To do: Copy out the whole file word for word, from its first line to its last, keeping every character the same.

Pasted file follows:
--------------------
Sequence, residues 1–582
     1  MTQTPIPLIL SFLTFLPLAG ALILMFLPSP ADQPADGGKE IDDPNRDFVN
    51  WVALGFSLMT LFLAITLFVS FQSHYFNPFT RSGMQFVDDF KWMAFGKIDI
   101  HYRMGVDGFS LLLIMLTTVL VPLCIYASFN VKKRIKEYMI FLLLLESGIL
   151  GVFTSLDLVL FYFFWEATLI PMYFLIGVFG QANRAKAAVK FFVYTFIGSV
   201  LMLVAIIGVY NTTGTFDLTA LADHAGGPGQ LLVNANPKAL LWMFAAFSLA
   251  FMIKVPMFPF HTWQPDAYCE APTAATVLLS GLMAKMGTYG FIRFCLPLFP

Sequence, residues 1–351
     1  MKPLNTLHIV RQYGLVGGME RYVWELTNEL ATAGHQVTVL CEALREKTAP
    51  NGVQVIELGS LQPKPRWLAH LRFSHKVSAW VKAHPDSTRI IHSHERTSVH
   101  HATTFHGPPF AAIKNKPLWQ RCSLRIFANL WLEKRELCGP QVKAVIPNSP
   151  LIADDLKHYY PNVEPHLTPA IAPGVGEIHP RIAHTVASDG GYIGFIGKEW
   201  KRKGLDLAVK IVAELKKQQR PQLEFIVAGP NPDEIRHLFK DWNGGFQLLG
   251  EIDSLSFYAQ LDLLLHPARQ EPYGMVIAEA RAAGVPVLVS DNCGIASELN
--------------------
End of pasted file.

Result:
Sequence, residues 1–582
     1  MTQTPIPLIL SFLTFLPLAG ALILMFLPSP ADQPADGGKE IDDPNRDFVN
    51  WVALGFSLMT LFLAITLFVS FQSHYFNPFT RSGMQFVDDF KWMAFGKIDI
   101  HYRMGVDGFS LLLIMLTTVL VPLCIYASFN VKKRIKEYMI FLLLLESGIL
   151  GVFTSLDLVL FYFFWEATLI PMYFLIGVFG QANRAKAAVK FFVYTFIGSV
   201  LMLVAIIGVY NTTGTFDLTA LADHAGGPGQ LLVNANPKAL LWMFAAFSLA
   251  FMIKVPMFPF HTWQPDAYCE APTAATVLLS GLMAKMGTYG FIRFCLPLFP

Sequence, residues 1–351
     1  MKPLNTLHIV RQYGLVGGME RYVWELTNEL ATAGHQVTVL CEALREKTAP
    51  NGVQVIELGS LQPKPRWLAH LRFSHKVSAW VKAHPDSTRI IHSHERTSVH
   101  HATTFHGPPF AAIKNKPLWQ RCSLRIFANL WLEKRELCGP QVKAVIPNSP
   151  LIADDLKHYY PNVEPHLTPA IAPGVGEIHP RIAHTVASDG GYIGFIGKEW
   201  KRKGLDLAVK IVAELKKQQR PQLEFIVAGP NPDEIRHLFK DWNGGFQLLG
   251  EIDSLSFYAQ LDLLLHPARQ EPYGMVIAEA RAAGVPVLVS DNCGIASELN